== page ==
Car dealer suspected of violating CFC control law

An auto dealership employee and two others are suspected of violating Japan's law on the discharge and control of greenhouse gases called chlorofluorocarbons, or CFCs. Police in Tokyo have sent papers on the three suspects to prosecutors.

Police allege that a 53-year-old Tokyo Subaru official and the 40-year-old president of a demolition company failed to properly dispose of air conditioners that use alternative CFCs. The appliances were destroyed at a dealership in the city of Hachioji that was demolished earlier this year.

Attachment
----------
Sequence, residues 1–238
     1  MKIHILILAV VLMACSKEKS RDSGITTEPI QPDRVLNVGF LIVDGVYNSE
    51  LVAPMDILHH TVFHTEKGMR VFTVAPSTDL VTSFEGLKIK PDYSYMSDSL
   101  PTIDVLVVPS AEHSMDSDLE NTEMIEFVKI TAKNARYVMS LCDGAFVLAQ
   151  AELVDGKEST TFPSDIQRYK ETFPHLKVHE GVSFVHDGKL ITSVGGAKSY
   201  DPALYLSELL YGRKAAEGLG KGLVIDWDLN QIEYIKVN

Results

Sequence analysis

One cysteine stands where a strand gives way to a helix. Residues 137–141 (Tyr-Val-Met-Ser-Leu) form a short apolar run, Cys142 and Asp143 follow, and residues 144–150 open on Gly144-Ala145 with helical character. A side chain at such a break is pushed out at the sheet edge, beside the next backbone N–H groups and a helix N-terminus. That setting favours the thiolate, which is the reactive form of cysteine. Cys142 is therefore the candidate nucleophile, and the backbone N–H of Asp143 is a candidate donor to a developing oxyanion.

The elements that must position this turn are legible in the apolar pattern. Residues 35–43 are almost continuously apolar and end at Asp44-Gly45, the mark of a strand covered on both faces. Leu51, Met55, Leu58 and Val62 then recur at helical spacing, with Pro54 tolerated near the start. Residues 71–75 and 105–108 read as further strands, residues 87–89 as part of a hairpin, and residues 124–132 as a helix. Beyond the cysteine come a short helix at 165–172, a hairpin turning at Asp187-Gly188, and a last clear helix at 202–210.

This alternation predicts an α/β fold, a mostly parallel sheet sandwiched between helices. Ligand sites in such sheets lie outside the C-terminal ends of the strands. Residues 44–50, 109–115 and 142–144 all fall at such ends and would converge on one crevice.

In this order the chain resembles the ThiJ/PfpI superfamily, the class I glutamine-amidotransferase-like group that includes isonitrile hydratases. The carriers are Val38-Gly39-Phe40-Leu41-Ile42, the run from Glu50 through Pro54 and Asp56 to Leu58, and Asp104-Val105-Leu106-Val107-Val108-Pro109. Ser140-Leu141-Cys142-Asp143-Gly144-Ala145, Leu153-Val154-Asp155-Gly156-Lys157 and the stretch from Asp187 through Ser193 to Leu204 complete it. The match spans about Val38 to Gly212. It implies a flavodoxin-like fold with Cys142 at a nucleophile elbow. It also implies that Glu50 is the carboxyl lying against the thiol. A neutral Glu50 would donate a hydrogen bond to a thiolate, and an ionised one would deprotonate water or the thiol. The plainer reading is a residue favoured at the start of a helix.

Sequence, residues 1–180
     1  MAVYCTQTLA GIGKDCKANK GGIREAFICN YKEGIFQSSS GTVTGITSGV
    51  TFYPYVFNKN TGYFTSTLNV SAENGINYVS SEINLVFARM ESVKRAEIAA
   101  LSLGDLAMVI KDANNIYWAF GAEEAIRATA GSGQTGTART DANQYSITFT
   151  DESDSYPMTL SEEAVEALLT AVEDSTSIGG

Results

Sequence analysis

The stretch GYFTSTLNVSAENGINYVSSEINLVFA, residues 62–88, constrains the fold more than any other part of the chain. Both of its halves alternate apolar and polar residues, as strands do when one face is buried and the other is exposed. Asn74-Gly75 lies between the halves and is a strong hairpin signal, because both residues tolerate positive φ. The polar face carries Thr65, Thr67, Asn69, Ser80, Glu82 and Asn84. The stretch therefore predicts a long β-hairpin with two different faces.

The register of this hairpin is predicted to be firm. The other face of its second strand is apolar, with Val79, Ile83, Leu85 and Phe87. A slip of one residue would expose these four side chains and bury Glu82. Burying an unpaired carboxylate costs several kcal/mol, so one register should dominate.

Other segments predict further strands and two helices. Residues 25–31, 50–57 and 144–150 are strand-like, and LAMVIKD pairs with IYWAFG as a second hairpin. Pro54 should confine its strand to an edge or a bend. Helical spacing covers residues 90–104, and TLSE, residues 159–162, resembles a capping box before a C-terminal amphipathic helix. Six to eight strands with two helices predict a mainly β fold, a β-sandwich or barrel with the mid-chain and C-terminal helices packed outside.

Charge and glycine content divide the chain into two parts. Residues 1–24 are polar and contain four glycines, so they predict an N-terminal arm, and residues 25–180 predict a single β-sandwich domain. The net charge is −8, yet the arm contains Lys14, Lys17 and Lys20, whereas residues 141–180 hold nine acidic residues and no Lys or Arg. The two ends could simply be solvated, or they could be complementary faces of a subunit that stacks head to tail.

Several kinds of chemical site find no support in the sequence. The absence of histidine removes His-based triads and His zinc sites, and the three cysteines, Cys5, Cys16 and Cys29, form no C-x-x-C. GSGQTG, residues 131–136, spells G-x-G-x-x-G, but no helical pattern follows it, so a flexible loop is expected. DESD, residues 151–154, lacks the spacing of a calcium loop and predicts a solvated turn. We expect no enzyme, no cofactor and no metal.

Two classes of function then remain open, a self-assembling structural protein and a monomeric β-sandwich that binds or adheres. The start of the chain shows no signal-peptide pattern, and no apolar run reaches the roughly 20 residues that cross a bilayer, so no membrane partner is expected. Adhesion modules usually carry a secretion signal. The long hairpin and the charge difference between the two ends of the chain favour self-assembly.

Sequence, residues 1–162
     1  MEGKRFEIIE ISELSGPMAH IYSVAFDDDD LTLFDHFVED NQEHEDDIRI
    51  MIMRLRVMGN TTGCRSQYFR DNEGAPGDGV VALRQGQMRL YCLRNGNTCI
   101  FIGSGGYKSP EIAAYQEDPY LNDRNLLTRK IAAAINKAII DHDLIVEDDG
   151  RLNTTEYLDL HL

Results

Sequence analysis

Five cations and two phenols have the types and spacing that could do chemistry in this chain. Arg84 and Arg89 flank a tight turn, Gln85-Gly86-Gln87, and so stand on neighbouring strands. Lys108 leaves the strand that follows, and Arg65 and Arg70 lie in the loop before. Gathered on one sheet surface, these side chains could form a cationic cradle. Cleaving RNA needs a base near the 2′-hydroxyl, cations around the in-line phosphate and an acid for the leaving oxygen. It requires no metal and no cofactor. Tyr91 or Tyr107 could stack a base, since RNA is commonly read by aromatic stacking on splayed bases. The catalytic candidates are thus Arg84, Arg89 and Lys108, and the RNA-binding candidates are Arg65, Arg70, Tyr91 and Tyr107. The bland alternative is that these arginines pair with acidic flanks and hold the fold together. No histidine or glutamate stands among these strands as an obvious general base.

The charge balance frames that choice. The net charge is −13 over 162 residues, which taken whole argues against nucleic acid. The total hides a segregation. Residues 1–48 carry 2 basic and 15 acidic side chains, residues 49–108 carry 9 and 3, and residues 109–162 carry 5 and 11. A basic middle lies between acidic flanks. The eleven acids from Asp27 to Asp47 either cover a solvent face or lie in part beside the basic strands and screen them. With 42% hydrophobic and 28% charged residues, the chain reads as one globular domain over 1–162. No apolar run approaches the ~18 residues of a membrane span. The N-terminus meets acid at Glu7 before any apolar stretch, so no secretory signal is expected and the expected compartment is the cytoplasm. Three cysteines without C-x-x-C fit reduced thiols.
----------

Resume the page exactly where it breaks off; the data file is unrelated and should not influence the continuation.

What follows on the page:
Alternative CFCs are used in air conditioners and refrigerators as coolants. But their global warming impact could be more than 10,000 times greater than that of carbon dioxide.

Businesses are required by law to have specialists collect such equipment when they discard them.

Police found that the air conditioners had been improperly disposed of at the demolition site, and that alternative CFCs had been released into the air.

The three suspects, including a demolition company employee, reportedly admitted to the charges during voluntary questioning.

The law on the discharge and control of CFCs was tightened in April last year following a series of violations.

Tokyo police say this case is the first since the penalties were toughened.